Clearly, the changes that Todd experienced were sudden and traumatic rather than the gradual decline of aging. But his disciplined focus on "now" rather than "before" is also what characterizes "successful aging," as delineated by sociologist Mark Novak.

(The comments at the end of this thread voiced sentiments most in line with this notion of "now" rather than "then".)

Those who can keep their attention on who they are becoming rather than what they were are likely to be most able to perform at their highest level.

If athletes like Todd offer an example of the more functional approach to a decline or significant change in ability, why isn't this attitude more widespread?

I believe that a widespread, casual ableism and distorted, perfectionist view of health shapes our ideas of sport and physical culture. I don't think it's simply ageism that makes Masters rowing an afterthought in this country; it's the unthinking embrace of a single standard of athletic excellence.

In the article about Masters-specific training strategies I cited above, Oldham observes that one-size fits all training programs (typically, regimes formulated for young competitive rowers) are often the template used for all types of competitive rowers, whether or not they are appropriate.

But by focusing on the need to individualize training to the athlete, what Oldham misses is why this one-size fits all training is so commonplace. Generally speaking, the prevailing template is modelled on whatever the fastest of the fast are doing.

Being an athlete may be simply a matter of being skilled at physical activity. But our notions of athleticism always lead back the same place. Faster, higher, stronger.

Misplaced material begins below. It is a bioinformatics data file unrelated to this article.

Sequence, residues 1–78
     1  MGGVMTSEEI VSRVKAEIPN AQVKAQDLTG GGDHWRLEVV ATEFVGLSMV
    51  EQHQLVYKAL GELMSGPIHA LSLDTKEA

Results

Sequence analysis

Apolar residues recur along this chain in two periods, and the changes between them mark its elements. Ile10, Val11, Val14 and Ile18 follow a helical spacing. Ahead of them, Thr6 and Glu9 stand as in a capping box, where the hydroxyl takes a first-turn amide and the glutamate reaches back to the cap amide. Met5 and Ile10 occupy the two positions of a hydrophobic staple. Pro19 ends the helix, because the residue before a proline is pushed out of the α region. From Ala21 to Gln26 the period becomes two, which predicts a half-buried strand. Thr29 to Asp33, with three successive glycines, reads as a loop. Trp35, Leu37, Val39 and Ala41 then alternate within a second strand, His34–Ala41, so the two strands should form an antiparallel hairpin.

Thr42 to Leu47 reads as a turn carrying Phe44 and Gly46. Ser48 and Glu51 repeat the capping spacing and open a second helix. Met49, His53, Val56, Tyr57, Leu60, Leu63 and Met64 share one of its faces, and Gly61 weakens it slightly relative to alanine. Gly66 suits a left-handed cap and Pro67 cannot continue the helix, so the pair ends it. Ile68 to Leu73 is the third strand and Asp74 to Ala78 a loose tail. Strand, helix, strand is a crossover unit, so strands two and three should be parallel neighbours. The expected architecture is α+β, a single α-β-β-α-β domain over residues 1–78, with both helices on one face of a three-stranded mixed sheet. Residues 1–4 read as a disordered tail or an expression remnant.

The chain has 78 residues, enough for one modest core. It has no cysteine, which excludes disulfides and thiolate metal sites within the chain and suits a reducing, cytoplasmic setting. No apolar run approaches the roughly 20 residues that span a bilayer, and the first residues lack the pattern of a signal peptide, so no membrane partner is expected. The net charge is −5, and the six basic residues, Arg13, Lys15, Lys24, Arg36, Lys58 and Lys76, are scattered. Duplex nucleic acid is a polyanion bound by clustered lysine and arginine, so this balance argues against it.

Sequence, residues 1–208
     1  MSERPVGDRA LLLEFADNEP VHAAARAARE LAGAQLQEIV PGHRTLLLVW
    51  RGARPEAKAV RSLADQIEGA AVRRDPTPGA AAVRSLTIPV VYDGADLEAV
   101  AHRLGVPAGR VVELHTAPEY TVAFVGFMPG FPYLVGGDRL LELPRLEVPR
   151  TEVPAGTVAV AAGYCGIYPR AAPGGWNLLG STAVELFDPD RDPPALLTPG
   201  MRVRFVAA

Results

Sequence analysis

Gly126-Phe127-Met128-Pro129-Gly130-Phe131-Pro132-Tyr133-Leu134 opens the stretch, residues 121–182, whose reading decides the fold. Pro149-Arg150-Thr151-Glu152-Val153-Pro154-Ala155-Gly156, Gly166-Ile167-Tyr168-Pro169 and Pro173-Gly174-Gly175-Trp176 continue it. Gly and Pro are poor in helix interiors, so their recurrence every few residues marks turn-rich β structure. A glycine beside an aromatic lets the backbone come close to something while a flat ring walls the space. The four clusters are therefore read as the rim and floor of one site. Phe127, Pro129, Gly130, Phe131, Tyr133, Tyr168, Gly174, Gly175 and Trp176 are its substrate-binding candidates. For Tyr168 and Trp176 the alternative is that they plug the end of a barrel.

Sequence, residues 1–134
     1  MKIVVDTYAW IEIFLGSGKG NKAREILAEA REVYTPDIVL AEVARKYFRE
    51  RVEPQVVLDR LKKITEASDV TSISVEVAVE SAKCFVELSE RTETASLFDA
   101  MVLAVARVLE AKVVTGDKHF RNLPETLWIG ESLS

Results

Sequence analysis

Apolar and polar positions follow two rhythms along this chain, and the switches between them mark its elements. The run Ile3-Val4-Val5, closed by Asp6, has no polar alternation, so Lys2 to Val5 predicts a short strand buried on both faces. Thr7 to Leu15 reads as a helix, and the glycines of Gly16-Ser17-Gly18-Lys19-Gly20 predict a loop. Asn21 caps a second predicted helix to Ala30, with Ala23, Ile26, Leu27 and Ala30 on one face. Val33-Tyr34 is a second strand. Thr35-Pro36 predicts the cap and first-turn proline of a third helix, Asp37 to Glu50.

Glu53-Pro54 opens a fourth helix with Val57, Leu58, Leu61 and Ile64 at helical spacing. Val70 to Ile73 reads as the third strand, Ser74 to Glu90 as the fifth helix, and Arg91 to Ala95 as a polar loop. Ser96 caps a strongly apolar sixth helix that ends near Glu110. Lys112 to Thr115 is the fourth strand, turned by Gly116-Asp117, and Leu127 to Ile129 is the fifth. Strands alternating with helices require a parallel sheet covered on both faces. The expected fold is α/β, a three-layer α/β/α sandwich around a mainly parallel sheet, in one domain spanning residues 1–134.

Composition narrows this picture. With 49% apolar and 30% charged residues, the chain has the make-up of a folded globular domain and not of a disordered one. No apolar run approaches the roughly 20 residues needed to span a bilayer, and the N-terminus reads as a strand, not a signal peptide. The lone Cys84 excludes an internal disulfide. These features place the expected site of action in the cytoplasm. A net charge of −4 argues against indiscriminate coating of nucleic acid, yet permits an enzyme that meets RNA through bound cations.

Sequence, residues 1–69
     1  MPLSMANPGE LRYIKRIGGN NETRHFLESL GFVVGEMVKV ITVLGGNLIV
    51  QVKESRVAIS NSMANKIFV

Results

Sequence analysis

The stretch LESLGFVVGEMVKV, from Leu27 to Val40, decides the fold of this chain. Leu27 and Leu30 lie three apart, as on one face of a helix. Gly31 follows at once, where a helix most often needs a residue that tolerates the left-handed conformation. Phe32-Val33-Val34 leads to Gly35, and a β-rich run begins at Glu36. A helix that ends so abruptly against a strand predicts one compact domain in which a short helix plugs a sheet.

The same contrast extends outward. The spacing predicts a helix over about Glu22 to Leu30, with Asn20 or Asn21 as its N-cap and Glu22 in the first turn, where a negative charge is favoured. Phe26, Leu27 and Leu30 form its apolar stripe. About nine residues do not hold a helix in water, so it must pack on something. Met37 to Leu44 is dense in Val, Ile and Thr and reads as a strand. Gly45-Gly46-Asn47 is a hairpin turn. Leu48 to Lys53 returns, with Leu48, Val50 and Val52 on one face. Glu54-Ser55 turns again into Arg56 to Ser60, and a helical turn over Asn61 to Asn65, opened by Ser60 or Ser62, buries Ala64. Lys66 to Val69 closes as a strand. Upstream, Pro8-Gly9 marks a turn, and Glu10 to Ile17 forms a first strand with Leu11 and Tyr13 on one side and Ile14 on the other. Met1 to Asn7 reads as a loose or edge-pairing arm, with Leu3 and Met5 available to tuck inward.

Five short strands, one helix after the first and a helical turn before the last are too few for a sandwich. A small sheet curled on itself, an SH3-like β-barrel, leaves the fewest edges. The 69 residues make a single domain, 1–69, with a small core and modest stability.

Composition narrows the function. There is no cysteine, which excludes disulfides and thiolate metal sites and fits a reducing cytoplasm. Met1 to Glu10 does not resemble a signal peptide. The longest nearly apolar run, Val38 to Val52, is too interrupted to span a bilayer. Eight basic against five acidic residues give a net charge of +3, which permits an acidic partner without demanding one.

Peak strength and speed are associated with youth (and maleness). Although being the strongest and the fastest doesn't always translate into winning, this is the standard by which most elite athletes are judged. The best and the rest.

This widely held "common sense" notion means that even though we recognize some categories of difference--women's leagues and events, para-sport, weight classifications in some sports--even these are viewed by many as second best or worse. Women in professional sports like hockey and basketball are probably all too familiar with this phenomenon (as are lightweight rowers):

This how women's sport, para-sport,and masters sports end up ghettoized to a greater or lesser extent, as special interests, in contrast to "real" sport.

Ironically, the boundaries of these "lesser" categories are policed quite fiercely: athletes that challenge our fixed notions of gender divisions or ablebodiness/disability are usually harshly condemned. They endanger the bubble by exposing the implicit contract that created them: 'here's a protected space for you who can't compete with the "real" athletes.' These categories aren't really about different version of athleticism, they are about inferiority to the standard set by young, ablebodied men.

Could this binary construct of "the best and the rest" be the consequence of also seeing ablebodiedness and disability, or health and illness, as a fixed opposites? Maybe we need to get beyond seeing bodies as either "normal" or "broken."

Perhaps the template for excellence looks different for different bodies. Perhaps we if we stopped centering our model of high performance on young, male elite athletes we would stop discounting the achievements of those who didn't make the cut or discarding the ones who have aged out of their glory days.

Part 2: Doing disability differently. What can masters rowing learn from para-sport more generally?